Registry a first step to better protect temporary foreign workers

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Harry Bains Minister of Labour

Victoria: Recently, I introduced new legislation that will better protect thousands of people coming to work in B.C. under the federal Temporary Foreign Worker Program.

Many sectors in our province depend on these workers to help fill labour or skills shortages, such as the agriculture, forestry and hospitality sectors. Our workforce, economy and province are stronger, and more diverse, because of these people.

Temporary foreign workers coming here from around the world want to feel safe – to feel confident their rights are protected, certain that measures are in place to prevent exploitation and know that abusive recruiters and employers will be held accountable. For too long, the most vulnerable workers in British Columbia have not gotten the protection they need.

The Temporary Foreign Worker Protection Act will allow for better protection of these workers. Under the legislation, recruiters of foreign workers must be licensed and employers intending to hire foreign workers must be registered with the Province. Unlicensed recruiters and unregistered employers will be expressly prohibited from engaging in the process of recruiting or hiring foreign workers. Any recruiters or employers who work outside the law will face significant penalties, including possible jail time.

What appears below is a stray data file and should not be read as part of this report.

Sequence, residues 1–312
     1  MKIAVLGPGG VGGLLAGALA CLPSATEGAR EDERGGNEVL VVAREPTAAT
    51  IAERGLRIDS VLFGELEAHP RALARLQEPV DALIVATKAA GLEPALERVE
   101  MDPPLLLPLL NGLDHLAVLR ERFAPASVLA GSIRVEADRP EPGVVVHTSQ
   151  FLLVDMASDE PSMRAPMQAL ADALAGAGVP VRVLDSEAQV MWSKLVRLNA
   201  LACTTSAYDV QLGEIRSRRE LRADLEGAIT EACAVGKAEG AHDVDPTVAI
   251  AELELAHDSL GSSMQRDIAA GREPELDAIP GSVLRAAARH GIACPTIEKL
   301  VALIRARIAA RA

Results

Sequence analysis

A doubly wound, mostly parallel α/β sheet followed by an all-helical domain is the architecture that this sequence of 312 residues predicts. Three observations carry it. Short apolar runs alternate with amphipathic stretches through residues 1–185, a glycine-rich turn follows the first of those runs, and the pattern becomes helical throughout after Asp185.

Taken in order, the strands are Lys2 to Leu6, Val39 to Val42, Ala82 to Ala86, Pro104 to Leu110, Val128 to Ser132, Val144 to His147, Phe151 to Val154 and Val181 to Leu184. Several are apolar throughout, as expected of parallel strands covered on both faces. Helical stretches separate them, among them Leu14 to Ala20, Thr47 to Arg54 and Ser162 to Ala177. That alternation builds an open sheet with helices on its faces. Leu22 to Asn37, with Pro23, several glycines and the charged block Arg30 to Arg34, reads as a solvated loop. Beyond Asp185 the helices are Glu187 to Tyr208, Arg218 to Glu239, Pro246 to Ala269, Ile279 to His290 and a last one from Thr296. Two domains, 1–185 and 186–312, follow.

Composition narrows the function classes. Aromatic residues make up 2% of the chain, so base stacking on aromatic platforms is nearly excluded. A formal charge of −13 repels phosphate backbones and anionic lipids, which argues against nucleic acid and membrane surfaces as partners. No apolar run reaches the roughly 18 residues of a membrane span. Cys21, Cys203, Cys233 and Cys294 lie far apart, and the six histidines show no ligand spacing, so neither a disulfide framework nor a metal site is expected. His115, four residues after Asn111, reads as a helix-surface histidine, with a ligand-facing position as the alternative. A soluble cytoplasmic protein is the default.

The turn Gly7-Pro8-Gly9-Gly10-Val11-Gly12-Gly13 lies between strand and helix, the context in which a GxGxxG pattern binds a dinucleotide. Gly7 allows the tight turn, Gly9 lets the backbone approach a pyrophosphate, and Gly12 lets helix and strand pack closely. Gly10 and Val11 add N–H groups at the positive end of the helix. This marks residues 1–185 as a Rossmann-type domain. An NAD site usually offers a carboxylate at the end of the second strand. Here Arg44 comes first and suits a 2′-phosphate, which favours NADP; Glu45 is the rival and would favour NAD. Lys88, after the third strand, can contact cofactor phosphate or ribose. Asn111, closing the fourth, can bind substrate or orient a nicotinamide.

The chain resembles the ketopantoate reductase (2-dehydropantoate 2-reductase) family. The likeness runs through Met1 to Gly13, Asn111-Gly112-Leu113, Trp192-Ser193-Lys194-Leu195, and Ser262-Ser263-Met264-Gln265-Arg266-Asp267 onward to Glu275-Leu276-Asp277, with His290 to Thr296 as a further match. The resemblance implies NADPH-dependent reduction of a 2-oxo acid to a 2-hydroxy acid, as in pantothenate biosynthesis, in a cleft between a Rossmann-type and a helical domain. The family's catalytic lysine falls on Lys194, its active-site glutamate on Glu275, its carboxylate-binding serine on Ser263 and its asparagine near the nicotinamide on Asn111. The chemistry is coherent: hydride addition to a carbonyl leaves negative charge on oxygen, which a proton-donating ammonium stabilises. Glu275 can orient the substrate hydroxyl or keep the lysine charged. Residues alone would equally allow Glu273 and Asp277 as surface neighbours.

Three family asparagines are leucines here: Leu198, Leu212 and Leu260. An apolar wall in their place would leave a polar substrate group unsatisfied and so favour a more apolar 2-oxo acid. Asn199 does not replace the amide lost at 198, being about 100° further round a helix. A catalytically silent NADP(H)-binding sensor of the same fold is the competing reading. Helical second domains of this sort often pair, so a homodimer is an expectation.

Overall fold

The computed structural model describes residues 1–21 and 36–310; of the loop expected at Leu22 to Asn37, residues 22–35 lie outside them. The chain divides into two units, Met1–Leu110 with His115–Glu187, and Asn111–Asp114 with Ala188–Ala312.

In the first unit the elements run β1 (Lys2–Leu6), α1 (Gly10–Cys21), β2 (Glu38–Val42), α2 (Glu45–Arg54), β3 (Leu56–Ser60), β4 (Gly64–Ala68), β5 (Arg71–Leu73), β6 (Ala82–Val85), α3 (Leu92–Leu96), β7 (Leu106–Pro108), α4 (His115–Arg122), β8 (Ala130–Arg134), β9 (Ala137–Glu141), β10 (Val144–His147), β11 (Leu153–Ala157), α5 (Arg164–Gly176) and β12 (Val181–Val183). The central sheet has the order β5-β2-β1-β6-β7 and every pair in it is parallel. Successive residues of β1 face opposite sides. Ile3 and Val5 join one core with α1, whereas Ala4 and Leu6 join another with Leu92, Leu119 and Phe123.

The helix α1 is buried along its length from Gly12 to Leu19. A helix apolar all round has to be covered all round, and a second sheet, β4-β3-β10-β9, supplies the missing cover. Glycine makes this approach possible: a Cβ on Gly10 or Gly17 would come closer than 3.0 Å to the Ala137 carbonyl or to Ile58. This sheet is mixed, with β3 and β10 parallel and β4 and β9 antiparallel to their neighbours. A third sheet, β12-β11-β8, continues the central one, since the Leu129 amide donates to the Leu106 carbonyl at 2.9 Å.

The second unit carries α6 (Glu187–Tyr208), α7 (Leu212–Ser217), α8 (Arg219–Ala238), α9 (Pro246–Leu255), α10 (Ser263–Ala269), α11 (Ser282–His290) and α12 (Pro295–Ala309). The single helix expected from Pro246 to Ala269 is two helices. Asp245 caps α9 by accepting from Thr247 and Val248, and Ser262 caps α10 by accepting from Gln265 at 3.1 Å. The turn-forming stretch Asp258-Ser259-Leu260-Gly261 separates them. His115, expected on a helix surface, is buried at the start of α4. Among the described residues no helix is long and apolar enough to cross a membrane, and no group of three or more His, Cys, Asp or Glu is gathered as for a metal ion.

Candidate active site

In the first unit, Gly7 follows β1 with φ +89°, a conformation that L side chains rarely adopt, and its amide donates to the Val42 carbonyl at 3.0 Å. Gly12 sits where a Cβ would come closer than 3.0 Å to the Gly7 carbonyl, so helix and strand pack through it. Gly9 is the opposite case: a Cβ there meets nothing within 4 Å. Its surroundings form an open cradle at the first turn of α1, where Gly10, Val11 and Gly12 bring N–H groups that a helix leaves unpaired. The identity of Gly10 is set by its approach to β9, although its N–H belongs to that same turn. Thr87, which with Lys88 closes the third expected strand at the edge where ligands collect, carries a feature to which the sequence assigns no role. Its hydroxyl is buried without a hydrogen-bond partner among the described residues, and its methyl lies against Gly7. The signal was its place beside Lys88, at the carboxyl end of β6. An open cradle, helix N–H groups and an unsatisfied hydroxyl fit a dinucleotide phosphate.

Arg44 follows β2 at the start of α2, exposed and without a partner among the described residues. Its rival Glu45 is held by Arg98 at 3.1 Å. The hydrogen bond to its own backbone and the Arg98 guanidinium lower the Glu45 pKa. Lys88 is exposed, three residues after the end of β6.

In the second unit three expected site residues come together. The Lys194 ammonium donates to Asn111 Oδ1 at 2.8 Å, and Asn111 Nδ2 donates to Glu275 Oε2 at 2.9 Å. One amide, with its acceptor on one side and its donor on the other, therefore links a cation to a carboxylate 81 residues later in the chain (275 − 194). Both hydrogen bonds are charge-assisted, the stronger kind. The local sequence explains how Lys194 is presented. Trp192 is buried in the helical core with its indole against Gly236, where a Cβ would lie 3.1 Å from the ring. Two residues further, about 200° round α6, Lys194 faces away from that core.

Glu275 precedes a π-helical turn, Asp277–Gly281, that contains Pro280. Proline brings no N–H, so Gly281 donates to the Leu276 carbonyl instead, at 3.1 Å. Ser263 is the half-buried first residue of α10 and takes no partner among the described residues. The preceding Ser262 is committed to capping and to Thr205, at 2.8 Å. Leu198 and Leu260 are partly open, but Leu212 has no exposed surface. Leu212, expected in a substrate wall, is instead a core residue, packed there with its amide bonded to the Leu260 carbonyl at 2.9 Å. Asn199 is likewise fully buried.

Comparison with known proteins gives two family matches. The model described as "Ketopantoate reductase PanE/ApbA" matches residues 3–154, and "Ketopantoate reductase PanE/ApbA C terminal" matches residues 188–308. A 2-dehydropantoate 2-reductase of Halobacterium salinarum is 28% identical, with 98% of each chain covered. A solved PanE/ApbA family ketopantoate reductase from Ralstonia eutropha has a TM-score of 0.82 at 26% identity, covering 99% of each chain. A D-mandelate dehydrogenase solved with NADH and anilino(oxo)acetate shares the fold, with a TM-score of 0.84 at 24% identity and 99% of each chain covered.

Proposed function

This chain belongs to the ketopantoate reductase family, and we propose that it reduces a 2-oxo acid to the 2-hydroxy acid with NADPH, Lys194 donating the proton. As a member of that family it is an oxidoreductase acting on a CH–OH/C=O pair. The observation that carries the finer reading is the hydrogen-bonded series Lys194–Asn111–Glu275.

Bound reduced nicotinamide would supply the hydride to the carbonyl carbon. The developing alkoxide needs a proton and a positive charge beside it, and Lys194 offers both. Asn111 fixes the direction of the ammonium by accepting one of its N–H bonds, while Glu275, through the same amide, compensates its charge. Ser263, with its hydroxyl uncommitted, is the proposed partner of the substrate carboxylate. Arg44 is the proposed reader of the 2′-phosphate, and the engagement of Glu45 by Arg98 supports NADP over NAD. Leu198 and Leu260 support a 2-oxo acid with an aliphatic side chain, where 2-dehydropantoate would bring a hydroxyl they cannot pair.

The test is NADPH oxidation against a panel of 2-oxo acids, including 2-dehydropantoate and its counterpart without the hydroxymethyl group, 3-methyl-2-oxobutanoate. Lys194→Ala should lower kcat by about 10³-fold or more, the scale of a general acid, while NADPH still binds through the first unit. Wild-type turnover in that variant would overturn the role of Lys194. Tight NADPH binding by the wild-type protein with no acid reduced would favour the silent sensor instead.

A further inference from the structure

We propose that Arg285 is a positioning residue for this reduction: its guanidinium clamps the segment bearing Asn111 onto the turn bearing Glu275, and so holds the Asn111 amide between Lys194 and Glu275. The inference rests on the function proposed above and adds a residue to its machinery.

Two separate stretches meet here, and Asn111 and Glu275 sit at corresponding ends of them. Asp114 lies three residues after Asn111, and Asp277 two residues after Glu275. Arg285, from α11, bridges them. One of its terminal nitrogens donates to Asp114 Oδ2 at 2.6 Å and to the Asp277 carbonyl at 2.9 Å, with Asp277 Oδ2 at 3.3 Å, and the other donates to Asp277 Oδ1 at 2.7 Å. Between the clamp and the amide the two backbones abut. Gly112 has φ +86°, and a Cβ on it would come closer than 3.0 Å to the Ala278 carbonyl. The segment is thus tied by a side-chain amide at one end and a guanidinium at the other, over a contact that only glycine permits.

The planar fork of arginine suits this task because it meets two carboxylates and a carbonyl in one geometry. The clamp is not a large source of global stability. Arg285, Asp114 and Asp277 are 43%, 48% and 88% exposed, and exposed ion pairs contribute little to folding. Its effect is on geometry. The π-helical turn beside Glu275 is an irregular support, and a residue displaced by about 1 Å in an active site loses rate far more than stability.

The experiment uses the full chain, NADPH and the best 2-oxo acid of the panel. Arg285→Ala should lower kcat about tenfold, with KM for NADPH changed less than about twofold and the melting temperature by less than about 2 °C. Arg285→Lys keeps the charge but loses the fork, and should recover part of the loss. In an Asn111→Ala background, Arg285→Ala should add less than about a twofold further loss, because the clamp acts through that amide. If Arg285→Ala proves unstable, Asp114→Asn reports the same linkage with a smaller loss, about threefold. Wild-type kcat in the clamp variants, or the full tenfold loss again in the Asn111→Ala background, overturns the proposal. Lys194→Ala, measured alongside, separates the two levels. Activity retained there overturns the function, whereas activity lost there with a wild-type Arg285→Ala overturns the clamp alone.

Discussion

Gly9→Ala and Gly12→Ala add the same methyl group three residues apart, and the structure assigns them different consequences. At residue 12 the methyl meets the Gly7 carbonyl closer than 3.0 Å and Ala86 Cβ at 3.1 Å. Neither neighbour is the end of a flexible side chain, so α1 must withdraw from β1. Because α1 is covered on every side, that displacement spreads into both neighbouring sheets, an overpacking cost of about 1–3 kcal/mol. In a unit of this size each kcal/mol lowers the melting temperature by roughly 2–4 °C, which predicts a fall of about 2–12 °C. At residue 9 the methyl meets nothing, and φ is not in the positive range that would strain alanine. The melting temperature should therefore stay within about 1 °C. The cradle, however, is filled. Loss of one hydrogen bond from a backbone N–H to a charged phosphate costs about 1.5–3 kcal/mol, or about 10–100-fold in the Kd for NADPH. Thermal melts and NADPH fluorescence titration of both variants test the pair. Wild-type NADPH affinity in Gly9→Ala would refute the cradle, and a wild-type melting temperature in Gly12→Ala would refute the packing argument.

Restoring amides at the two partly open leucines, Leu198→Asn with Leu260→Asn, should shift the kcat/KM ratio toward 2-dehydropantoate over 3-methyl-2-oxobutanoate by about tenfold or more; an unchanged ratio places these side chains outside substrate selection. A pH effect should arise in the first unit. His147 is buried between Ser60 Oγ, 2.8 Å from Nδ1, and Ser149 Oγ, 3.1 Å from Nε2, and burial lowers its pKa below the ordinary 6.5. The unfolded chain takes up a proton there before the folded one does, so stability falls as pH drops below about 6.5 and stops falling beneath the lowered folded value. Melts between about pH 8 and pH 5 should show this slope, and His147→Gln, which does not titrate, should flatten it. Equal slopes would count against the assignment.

The legislation also sets out the framework for the creation of foreign worker recruiter and employer registries. The information in the registries will be used to proactively audit recruiters and employers of foreign workers and hold these recruiters and employers accountable for any violations of worker rights. In addition, the legislation permits us to recover and return to workers fees charged by recruiters to get jobs, including where the fees are charged in other jurisdictions for work in B.C.

Too often, foreign worker advocacy groups report that the people they serve experience some form of exploitation or abuse. This mistreatment includes recruiters or employers taking possession of passports and charging illegal fees, not paying wages and bullying or threatening behaviour. This is unacceptable and needs to stop.

With the legislation introduced, government is taking bold steps to better protect these vulnerable workers and, at the same time, make B.C. a competitive jurisdiction for temporary foreign worker recruitment. We know the majority of B.C. employers follow the rules and treat their employees with respect – so this will also level the playing field by eliminating unfair advantages some employers may be gaining at the expense of foreign workers. We know that many B.C. businesses rely on temporary foreign workers and we will ensure the registration is a cost-free and simple process.

We are building a strong, sustainable economy that works for everyone. I am proud of what we are accomplishing and this is only the beginning. We’re going to keep working to fix problems, get results for people and build a better future for everyone living in B.C.